When owning a dog, it’s essential to watch for signs of health problems. This includes diagnosing and treating illnesses that cause your pup to shake or tremble. While some issues are minor and can be treated without medical assistance, others may require emergency veterinary attention.

What else could my dog be shaking for?
Shaking, shivering, or trembling can be a sign of pain, muscle weakness, or illness; it may also indicate stress or anxiety.

It’s common for dogs to shake and shiver occasionally, particularly if they are excited about something or have an underlying physical condition that causes them to be anxious. Recording a video of your pup shaking can help identify the source and take steps to remedy the situation.

An immediate examination of your dog’s environment, recent behavior, and any other symptoms can help you pinpoint the underlying cause. Check for potential stressors such as new people or animals, loud noises like fireworks or a change in scenery that could be toxic. If you come across anything potentially toxic, contact a poison control center right away.

Maintaining your dog’s comfort levels, keeping them relaxed and up to date on preventative care, and keeping them away from toxic substances can all help reduce their likelihood of shaking. These precautions are especially crucial for elderly and ill dogs.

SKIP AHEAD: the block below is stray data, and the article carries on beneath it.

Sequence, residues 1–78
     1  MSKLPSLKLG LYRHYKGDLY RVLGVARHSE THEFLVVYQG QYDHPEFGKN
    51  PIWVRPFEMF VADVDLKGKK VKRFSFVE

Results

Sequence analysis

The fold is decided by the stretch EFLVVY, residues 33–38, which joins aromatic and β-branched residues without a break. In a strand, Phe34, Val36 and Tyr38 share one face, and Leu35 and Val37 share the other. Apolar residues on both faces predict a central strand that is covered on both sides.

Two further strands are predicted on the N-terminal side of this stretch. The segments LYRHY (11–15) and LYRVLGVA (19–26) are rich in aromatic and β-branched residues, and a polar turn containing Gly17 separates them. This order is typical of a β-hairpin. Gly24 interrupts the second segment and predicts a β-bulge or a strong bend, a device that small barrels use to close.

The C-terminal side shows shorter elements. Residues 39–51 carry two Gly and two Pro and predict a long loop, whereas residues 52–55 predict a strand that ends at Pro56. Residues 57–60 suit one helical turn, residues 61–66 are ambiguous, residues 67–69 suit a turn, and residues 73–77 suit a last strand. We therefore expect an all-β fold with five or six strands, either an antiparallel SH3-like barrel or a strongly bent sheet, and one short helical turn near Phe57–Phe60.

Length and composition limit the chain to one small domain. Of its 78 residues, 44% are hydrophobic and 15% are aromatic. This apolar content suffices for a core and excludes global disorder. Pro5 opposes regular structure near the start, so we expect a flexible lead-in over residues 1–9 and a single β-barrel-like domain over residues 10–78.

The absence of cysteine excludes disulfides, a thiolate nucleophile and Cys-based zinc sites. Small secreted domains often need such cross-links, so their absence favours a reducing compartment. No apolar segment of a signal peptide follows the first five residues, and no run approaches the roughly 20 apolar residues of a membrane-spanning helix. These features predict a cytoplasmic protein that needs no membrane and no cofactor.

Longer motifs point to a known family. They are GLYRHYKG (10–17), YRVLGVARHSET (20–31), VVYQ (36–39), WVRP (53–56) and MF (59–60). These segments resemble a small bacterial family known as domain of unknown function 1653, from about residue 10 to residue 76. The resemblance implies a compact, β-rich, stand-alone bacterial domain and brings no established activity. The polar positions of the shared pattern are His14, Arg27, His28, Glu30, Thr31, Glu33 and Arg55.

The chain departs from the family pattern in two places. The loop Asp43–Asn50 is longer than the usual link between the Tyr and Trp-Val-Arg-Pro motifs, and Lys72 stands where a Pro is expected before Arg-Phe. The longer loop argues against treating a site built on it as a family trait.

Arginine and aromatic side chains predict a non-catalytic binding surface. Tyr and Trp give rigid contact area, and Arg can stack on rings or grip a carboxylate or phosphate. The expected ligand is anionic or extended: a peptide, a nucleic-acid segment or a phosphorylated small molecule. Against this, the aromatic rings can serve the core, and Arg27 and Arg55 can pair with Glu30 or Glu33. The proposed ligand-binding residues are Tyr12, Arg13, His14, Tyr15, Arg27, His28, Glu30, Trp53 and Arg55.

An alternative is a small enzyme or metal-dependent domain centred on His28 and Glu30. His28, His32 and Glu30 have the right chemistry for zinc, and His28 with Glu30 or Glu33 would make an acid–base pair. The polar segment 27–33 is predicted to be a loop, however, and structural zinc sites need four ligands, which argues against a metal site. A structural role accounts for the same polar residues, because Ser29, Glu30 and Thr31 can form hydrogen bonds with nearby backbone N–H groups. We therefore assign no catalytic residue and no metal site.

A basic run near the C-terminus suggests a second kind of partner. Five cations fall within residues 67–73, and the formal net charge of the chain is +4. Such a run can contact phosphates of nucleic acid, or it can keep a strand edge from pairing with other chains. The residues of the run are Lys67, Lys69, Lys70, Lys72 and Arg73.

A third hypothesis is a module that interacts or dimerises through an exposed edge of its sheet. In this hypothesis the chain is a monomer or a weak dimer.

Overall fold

If your dog is a young puppy, shivering and shaking are often signs that they are feeling cold. Provide them with a cozy blanket to snuggle into, as well as plenty of water to drink.

Your veterinarian can offer medications to relieve their shivering and shaking. They may even suggest applying a cold compress as an additional form of comfort.

Shaking can also be a sign of ear disease or infection in your dog. If they’re shaking excessively, it could be time for them to visit a veterinarian and have their ears cleaned out.

Your dog may have a condition that causes them to shiver or shake, such as arthritis or joint pain. In such cases, your vet can provide pain management treatments to address the shivering and shaking, along with other treatments to reduce inflammation or ease associated discomfort.

Some dogs will shiver as a way of communicating with their owners. They often need assurance that they are secure, which can be provided by massaging the face, belly, or ears and offering them treats as comfort measures.

If your dog is elderly or suffering from a chronic illness or condition that causes them to shake, it’s essential that they see a veterinarian immediately. Fortunately, there are emergency and specialty veterinary services available which can help diagnose the underlying problem, administer treatment and save your furry friend’s life.

Shivering or shaking dogs often indicates they’re in pain; however, this can also occur when they’re excited, scared, or have an underlying medical issue. When a canine experiences pain, they will typically pace, whine, drool, and act out of character becoming overly distressed, which in turn results in difficulty performing normal activities such as walking, standing, or eating and difficulty sitting or lying down comfortably.